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Human Rights in Global HealthRights-Based Governance for a Globalizing World$
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Benjamin Mason Meier and Lawrence O. Gostin

Print publication date: 2018

Print ISBN-13: 9780190672676

Published to Oxford Scholarship Online: April 2018

DOI: 10.1093/oso/9780190672676.001.0001

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Development of Human Rights through WHO

Development of Human Rights through WHO

(p.111) 5 Development of Human Rights through WHO
Human Rights in Global Health

Benjamin Mason Meier

Florian Kastler

Oxford University Press

With both the Universal Declaration of Human Rights (UDHR) and the World Health Organization (WHO) coming into existence in 1948, there was great postwar promise that these two institutions would complement each other, with WHO serving to support human rights in its health policies, programs, and practices. Yet WHO’s support for human rights would vary dramatically in the decades that followed: neglecting human rights law during crucial years in the development of health-related rights, implementing human rights as a foundation for its “Health for All” campaign, and operationalizing rights-based standards in the international response to HIV/AIDS. This chapter examines WHO’s evolving contributions to (and, in some cases, negligence of) the rights-based approach to health, with this history framing WHO’s enduring challenges in exercising its international legal authorities, collaborating with the United Nations human rights system, and mainstreaming human rights in the WHO Secretariat.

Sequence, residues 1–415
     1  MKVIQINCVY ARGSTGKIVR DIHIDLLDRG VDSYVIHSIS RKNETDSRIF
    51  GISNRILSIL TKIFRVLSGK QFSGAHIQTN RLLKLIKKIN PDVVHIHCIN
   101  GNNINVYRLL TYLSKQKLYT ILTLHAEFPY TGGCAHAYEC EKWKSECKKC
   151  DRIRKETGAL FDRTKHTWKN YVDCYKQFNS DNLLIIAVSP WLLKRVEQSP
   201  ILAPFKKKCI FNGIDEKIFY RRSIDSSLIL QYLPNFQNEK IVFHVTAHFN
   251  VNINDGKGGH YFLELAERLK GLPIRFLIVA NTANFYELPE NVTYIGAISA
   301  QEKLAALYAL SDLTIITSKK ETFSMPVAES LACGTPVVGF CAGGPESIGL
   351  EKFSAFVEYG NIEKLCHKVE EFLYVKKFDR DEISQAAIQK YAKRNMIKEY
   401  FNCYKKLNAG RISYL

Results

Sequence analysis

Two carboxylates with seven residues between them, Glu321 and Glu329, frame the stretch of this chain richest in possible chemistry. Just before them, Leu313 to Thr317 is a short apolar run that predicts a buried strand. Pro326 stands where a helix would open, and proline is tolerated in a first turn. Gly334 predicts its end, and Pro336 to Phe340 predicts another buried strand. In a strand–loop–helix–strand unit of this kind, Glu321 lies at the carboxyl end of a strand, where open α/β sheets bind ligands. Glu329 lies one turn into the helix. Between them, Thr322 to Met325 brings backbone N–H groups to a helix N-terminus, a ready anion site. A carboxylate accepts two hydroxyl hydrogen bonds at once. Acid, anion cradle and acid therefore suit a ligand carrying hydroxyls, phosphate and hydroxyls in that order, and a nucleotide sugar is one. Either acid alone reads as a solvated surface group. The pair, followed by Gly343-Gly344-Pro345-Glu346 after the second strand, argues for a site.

Keywords:   World Health Organization, international health governance, UDHR, Cold War, ICESCR, Health for All, Declaration of Alma-Ata, HIV/AIDS

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